Lee Habeeb had an excellent column on NRO in September, “Southern Like Me,” about the “great migration south.”
According to the latest Census figures, and stories in USA Today, the Associated Press, and elsewhere, the South was the fastest growing region in America over the last decade, up 14 percent… That migration wasn’t limited to white Yankees like me. The nation’s African American population grew 1.7 million over the last decade — and 75 percent of that growth occurred in the South, according to William Frey, a demographer at the Brookings Institution. What those stories and studies failed to report were the reasons propelling that migration. The economic and cultural forces driving this migration south have been ignored by the press. And by the Obama administration.
Habeeb recounts his own experience as a transplant, dealing with Yankee and popular culture misconceptions and prejudices (some of which were his own).
So I figured this Jersey boy who now calls Oxford, Mississippi, home could explain why. This Yankee turned good ol’ boy could explain the pull — no, the tug — of the South.
“Have you lost your mind?” is the refrain I heard over and over from friends up north when I told them the news. It was as if I’d just told them I was moving to Madagascar.
Having disposed of the economic arguments, I knew that one big question lurked: “Okay, Lee, but what’s it like living with a bunch of slow-talking, gun-toting, Bible-thumping racists?”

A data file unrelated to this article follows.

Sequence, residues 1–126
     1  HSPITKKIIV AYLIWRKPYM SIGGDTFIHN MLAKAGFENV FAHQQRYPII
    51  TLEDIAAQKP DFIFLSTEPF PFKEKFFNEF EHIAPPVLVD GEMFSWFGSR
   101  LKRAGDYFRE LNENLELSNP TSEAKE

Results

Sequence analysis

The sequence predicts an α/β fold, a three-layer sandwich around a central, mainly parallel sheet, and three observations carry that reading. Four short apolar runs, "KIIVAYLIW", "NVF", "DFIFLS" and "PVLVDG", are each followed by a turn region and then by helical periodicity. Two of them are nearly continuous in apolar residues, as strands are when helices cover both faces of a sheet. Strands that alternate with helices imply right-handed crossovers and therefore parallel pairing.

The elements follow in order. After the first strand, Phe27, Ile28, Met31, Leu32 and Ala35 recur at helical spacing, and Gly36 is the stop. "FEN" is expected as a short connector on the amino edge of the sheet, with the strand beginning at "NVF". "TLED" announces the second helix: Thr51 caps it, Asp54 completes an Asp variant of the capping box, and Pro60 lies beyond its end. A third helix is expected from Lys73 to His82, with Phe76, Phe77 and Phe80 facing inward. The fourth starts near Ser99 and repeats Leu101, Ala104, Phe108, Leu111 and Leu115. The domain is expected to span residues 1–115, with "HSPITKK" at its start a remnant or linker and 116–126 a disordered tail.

My friends didn’t use those exact words, but I knew it’s what they were thinking. I knew because I thought the same thing about the South before I moved here. Most of what we Yankees know about the South comes from TV and movies. Think Hee-Haw meets Mississippi Burning meets The Help and you get the picture.
But my own prejudices bore little resemblance to the reality I encountered when I moved south. I fell in love with the place. With the pace of life, for openers. Things got done, and done well, but it always seemed as if people had time for one another.
It’s quite a story, actually. Americans, black and white alike, are moving in record numbers to a part of the country where taxes are low, unions are irrelevant, and people love their guns and their faith. And yet we have heard hardly a peep about this great migration from our nation’s public intellectuals.
Why? Because their ideological prejudices won’t permit them to admit the obvious. They’d prefer to focus their research on the pre-1970s South because they are more comfortable with — and more invested in — that old narrative, while this new one marches on right under their noses. And their keyboards.